US meat giant Tyson Foods said it was “hit in the mouth” by unexpected market conditions in its fiscal Q1 but maintains it will stick to its existing strategy.
The Jimmy Dean and Hillshire Farms brands owner saw its operating income tank by 68% year-on-year in the three months to 31 December – to US$467m – as larger-than-expected beef and pork supplies weakened demand for its chicken.
Beef production was surprisingly high, leaving Tyson to resell excess chicken at a discount.
Tyson admitted it had got its forecast on demand for meat wrong.
Speaking to analysts yesterday (6 February) about the results, which covered the quarter to 31 December, CEO Donnie King described the period as a “very challenging quarter” with “market swings across all businesses [that] were unpredictable and sizable”.
He said: “This is the first time I’ve seen all markets work against us all at the same time.”
King added: “There are some places where we need to make decisions faster and, in some cases, better decisions. In some cases, we will need to adjust our business model. And in other cases, the accuracy of our projections has to be better than what we’ve demonstrated here in Q1.”
But, defending Tyson’s forecast for the quarter, he said: “We went into Q1 with a good plan but our overall results were impacted by a confluence of factors, including consumer and customer demand dynamics and the curve of the beef cycle, among other things.”
He added: “For chicken, when compared to expectations from last quarter, a few different things didn’t go as planned. Most notably, demand didn’t appear in the parts of the market where we had expected. As a result, we had to move things around and we experienced higher cost, a lower price environment and knock-on effects from a network standpoint.”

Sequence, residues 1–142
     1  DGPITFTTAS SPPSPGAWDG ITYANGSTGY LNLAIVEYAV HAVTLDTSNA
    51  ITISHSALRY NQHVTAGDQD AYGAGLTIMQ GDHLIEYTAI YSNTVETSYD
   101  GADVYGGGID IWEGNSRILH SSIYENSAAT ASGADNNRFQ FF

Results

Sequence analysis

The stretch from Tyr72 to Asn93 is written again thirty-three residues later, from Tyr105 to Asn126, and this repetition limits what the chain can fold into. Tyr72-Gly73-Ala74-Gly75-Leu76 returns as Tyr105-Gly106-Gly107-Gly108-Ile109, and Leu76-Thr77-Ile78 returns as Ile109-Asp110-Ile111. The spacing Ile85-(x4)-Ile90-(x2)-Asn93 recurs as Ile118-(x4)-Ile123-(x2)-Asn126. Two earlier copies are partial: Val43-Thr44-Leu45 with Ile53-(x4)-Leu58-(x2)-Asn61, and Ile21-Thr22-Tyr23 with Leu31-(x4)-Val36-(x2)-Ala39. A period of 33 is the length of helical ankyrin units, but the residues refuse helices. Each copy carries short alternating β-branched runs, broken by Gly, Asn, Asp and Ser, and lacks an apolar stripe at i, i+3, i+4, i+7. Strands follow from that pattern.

Tyson also experienced larger-than-expected supplies of chicken as the outbreak of bird flu in the US resulted in export restrictions, resulting in more poultry available domestically.
“We got hit in the mouth in Q1 because of all the protein on the market,” the Tyson chief told analysts.
Tyson planned for strong demand for chicken to fill an expected gap in overall meat supplies caused by reduced beef and pork production.
King said: “I think every chicken company in America, read the headlines around there is going to be less beef, less pork and the natural belief is that chicken will fill that gap. But the problem with all of that is there wasn’t a gap in beef and pork in Q1.
“The miss for us was clearly in our fresh chicken, our tray pack chicken at retail. That was where we stumbled. The demand for our branded retail products was very good, demand for our foodservice chicken products were all very good. The thing that has exacerbated this was the amount of overall protein in the marketplace in Q1, beef, pork and chicken.”
However, the company saw quarterly sales increase by 2.5%, year-on-year, to $13.26bn.
Chicken segment revenue increased 9.6% compared to the prior year, driven by volume growth from increased domestic production and pricing initiatives.
King said the company expects to improve its performance through the back half of fiscal 2023.
“We are optimistic about the long-term outlook for Tyson,” he said.
He added: “We have market-leading brands across diverse portfolio that resonate with consumers as proven by our year-over-year sales and volume growth. We serve an estimated one-fifth of US protein consumption and we are well positioned to meet consumer demand, which remains steady despite a challenging macroeconomic environment with ongoing elevated levels of inflation.”
King said its future strategy includes “investing in digital and automation to drive operational excellence, restoring competitiveness in our chicken segment and leveraging our financial strength to invest in the business and return cash to shareholders”.
CFO John Tyson said: “The fall in commodity chicken prices driven by heightened protein supply in the market and seasonal demand weakness does not change our strategy.”
Tyson is maintaining its sales guidance of $55bn to $57bn for the fiscal year, which implies 3% to 7% sales growth but it has cut its outlook for operating margins this year.